7. A remote control assembly comprising; a flexible conduit having an outer surface of organic polymeric material, a fitting of organic polymeric material which is incompatible for bonding diffusion with the organic polymeric material of said conduit, said fitting being adapted to be attached a support structure, a retaining tab secured to said conduit, said fitting being disposed in mechanical interlocking engagement with said retaining tab so that said fitting is secured to said conduit through said retaining tab, and a core element movably supported within said conduit and said fitting, said retaining tab including first means projecting inwardly from said retaining tab and into said conduit for mechanically interlocking said conduit and said retaining tab, and second means projecting outwardly from said retaining tab and into mechanical interlocking engagement with said fitting whereby said fitting is mechanically secured to said conduit.

8. A remote control assembly comprising; a flexible conduit having an outer surface of organic polymeric material, a fitting of organic polymeric material which is incompatible for bonding diffusion with the organic polymeric material of said conduit, said fitting being adapted to be attached a support structure, a retaining tab secured to said conduit, said fitting-being disposed in mechanical interlocking engagement with said retaining tab so that said fitting is secured to said conduit through said retaining tab, and a core element movably supported within said conduit and said fitting, said retaining tab being made of organic polymeric material and being bonded to said conduit so that said outer surface thereof and said retaining tab are diffused together, said retaining tab having a plurality of spaced ribs thereabout and extending axially therealong and a circumferentially disposed rib extending thereabout so as to intersect said spaced ribs.

9. A remote control assembly comprising; a flexible conduit having an outer surface of organic polymeric material, a fitting or organic polymeric material which is incompatible for bonding diffusion with the organic polymeric material of said conduit, said fitting being adapted to be attached a support structure, a retaining tab secured to said conduit, said fitting being disposed in mechanical interlocking engagement with said retaining tab so that said fitting is secured to said conduit through said retaining tab, and a core element movably supported within said conduit and said fitting, said retaining tabbeing made of organic polymeric material and being bonded to said conduit so that outer surface thereof and the said retaining tab are diffused together, said conduit including an inner tubular member, a plurality of filaments helically wrapped about said inner tubular member with a long lead, and a casing of organic polymeric material disposed about said filaments, said retaining tab and said casing being made of an organic polymeric material of a group including polypropylene and polyethylene, said fitting being made of an organic polymeric material of a group including acetal resin and nylon.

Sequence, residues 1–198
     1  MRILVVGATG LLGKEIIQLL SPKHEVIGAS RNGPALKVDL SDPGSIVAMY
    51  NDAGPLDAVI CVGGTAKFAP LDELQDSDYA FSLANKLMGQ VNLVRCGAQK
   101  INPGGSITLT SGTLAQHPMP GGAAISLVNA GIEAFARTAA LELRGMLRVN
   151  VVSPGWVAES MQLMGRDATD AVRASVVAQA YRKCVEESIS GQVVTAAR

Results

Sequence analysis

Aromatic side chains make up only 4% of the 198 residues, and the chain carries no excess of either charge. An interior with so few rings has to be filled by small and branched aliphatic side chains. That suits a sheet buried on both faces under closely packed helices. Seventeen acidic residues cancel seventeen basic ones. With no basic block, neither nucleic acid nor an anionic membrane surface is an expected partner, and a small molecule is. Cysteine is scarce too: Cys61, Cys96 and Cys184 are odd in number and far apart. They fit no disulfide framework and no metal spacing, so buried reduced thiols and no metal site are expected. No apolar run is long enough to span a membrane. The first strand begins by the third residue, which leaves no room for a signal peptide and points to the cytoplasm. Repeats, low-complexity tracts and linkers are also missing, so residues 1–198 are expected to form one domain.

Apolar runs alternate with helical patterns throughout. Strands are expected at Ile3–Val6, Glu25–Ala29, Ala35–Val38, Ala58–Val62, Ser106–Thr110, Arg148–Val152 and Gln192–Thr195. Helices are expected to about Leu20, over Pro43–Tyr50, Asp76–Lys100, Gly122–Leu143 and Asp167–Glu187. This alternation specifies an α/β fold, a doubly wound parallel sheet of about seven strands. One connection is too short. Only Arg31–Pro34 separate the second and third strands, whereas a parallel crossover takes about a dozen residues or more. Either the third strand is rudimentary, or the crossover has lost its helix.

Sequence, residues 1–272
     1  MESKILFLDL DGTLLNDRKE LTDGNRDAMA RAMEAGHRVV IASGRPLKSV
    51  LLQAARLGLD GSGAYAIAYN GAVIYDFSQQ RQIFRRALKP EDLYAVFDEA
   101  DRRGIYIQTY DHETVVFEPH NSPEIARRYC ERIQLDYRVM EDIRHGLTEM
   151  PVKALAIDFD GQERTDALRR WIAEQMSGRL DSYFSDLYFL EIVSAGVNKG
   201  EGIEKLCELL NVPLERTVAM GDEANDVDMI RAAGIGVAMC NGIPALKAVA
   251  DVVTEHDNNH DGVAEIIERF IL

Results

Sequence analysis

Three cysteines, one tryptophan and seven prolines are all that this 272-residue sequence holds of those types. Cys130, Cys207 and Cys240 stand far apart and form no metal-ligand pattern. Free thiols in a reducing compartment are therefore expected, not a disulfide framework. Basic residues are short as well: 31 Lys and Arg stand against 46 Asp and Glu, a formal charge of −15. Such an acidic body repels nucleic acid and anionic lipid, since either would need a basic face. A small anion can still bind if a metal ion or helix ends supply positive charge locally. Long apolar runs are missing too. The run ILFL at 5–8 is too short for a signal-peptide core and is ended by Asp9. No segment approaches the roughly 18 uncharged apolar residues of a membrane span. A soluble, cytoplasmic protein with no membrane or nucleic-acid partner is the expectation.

1 0 References Cited UNITED STATES PATENTS 3,094,582 6/1963 Jacobson 74501 X 3,132,412 5/1964 Kreissig 264274 X 3,263,520 8/1966 Tschanz 74-501 3,263,948 8/1966 Conrad 74501 MILTON KAUFMAN, Primary Examiner.

Patent Citations
Cited PatentFiling datePublication dateApplicantTitle
US3094582 *Sep 28, 1959Jun 18, 1963Jervis CorpRemote control for rearview mirrors and the like
US3132412 *Apr 1, 1959May 12, 1964 Process for manufacturing a lever assembly
US3263520 *Jul 26, 1963Aug 2, 1966Teleflex IncFlexible conduit with molded end fitting
US3263948 *Dec 18, 1964Aug 2, 1966Teleflex IncFitting for a flexible conduit
Referenced by
Citing PatentFiling datePublication dateApplicantTitle
US4406177 *Jan 29, 1982Sep 27, 1983Teleflex IncorporatedRemote control assembly (vibration dampening)
US4547239 *Jul 16, 1984Oct 15, 1985Teleflex IncorporatedMethod for attaching a fitting to a conduit of a push-pull control
US4724111 *Dec 15, 1986Feb 9, 1988Takiron Co., Ltd.Method for molding corrugated pipe sleeve
US4895041 *Dec 12, 1988Jan 23, 1990Babcock Industries Inc.Dual travel cable control system
US7520195Aug 6, 2003Apr 21, 2009Valeo Securite HabitacleControl device for a module forming a lock mechanism
US20060055176 *Aug 6, 2003Mar 16, 2006Patrick DupontControl device for a module forming a lock mechanism
WO2004016957A1 *Aug 6, 2003Feb 26, 2004Valeo Securite HabitacleImproved control device for a module forming a lock mechanism
Classifications
U.S. Classification74/501.6, 74/502.4, 29/451, 156/294, 264/274
International ClassificationF16C1/26, F16C1/00
Cooperative ClassificationF16C1/26, F16C1/262
European ClassificationF16C1/26B, F16C1/26